Review: Long Beach Opera's endearingly messy, profound 'Romance of the Rose' is an operatic triumph
In a short program note for “The Romance of the Rose,” given its world premiere by Long Beach Opera over the weekend, the composer Kate Soper suggests that opera “is a good receptacle for the messy complexity of the human condition in general.” So is, as she notes, love. And so, to be very sure, is her endearingly messy but profoundly thought-through new opera.
“The Romance of the Rose” is a riotous jumble of love-talk about — again in Soper’s words — “gender, astrology, fashion, war, law, God, the nature of language and the concept of free will.” Her starting point and obsession was the 13th century epic Old French poem “Le Roman de la Rose,” which questions the meaning of love along with everything else under a sun still thought to revolve around the Earth. Her ending point, in her own brilliantly literary libretto set to her brilliantly head-spinning mix of musical elements, is a flabbergasting commentary about a protagonist who falls head-over-heels in love with a rose.
Coupled with a terrific performance by Long Beach Opera that includes more than one star turn, the dowdy Warner Grand Theatre in San Pedro became the unlikely locale for a double operatic triumph.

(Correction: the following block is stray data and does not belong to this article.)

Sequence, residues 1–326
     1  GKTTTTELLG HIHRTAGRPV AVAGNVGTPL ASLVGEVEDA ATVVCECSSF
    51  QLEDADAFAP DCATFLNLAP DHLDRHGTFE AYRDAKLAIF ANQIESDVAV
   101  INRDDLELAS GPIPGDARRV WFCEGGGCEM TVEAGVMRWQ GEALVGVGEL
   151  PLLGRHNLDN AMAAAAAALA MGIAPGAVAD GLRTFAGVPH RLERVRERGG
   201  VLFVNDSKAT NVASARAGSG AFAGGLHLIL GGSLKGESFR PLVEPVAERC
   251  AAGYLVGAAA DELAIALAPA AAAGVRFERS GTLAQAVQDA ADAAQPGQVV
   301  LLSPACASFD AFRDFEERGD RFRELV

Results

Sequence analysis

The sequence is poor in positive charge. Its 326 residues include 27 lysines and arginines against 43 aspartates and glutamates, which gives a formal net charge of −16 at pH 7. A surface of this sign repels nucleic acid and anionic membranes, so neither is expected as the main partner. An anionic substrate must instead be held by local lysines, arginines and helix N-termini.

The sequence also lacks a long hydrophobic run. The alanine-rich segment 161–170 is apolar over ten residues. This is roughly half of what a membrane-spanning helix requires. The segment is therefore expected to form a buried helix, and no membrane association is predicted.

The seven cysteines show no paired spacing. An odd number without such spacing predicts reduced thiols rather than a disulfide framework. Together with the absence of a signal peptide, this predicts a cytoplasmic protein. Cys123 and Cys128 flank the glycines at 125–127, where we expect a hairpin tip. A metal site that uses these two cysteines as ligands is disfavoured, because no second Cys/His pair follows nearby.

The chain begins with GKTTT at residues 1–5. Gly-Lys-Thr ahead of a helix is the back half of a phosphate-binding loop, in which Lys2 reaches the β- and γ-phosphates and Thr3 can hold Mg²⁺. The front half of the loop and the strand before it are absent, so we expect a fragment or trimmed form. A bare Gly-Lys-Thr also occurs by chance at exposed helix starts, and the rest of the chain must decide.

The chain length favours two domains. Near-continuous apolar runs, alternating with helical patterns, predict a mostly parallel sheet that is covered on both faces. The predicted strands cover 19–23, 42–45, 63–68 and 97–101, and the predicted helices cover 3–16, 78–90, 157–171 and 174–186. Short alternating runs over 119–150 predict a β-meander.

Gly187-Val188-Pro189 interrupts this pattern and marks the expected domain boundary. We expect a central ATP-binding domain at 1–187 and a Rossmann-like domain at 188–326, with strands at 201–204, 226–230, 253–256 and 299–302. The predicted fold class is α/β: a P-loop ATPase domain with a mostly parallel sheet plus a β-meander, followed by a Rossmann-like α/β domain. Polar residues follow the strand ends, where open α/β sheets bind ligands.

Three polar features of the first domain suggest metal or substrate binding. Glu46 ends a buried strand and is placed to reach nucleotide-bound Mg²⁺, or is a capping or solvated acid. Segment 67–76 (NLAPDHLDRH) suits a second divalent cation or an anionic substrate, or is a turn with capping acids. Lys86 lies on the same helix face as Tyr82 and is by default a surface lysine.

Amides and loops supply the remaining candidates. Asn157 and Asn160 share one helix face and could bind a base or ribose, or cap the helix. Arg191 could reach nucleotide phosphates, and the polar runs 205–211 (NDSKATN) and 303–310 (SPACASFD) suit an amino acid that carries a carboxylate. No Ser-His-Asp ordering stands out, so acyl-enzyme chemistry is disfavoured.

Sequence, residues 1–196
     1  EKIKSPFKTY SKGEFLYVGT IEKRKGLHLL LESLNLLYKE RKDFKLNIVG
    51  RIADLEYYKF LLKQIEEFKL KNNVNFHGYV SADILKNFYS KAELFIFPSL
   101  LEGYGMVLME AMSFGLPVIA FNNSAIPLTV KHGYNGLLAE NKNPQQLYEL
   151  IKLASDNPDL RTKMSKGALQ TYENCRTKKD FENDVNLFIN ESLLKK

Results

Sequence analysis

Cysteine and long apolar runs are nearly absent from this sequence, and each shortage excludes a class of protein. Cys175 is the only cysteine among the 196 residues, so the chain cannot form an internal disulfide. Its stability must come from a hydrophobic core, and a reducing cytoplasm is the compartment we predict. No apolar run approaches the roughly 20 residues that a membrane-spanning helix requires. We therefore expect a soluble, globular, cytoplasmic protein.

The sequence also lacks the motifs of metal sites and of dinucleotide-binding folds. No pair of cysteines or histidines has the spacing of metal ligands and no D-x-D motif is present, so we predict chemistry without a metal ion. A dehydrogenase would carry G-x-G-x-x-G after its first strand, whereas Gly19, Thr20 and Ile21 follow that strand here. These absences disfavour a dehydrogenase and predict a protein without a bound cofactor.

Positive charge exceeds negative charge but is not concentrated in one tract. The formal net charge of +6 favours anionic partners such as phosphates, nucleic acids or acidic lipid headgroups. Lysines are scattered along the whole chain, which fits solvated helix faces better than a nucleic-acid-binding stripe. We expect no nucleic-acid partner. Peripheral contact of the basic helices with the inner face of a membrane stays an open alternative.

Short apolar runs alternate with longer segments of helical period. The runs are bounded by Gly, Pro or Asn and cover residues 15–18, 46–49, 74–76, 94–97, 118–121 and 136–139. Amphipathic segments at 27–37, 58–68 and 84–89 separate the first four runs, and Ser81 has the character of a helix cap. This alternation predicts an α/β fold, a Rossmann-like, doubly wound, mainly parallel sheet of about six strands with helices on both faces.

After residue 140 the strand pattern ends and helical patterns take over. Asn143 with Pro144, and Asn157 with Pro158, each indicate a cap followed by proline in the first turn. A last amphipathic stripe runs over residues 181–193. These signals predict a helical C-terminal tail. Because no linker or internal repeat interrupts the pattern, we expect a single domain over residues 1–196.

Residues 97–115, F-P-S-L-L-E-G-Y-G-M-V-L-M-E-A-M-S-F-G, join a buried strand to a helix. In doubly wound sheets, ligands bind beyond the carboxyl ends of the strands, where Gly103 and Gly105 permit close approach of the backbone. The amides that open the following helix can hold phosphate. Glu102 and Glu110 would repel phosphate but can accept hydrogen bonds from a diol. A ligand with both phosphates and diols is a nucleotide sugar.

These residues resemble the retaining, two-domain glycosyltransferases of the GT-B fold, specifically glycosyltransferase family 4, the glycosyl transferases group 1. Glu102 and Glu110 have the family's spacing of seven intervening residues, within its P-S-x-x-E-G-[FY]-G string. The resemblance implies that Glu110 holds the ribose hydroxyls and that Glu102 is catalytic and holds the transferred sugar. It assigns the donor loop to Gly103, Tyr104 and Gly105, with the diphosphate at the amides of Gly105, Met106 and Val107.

The first triumph was obviously that of Soper. For the past dozen years, she’s been writing provocative music theater that doesn’t quite fit in any genre and that certainly doesn’t align with the current fashion of go-for-the-gut, conventional-narrative modern opera. She seeks out, instead, the other places in our psyches all too easily ignored.
The second triumph is for Long Beach Opera. A year ago, the company was grappling with scandal and troubling allegations, and seemingly had lost its way. What LBO was able to salvage in a truncated season proved exceptional, but not enough to forecast the future. The premiere of “The Romance of the Rose” launches the company’s first full season under Artistic Director James Darrah, who also directed the production. LBO is back, not only reinventing opera but also itself.
To leave the theater dazed by a new opera — that operates on several topsy-turvy levels at once propelled by nonstop invention — is one thing. To be still processing where the humor ends and the meaning begins, even after time to reflect, is another much rarer and more valuable thing.
So, what exactly is “The Romance of the Rose”? There is no easy answer.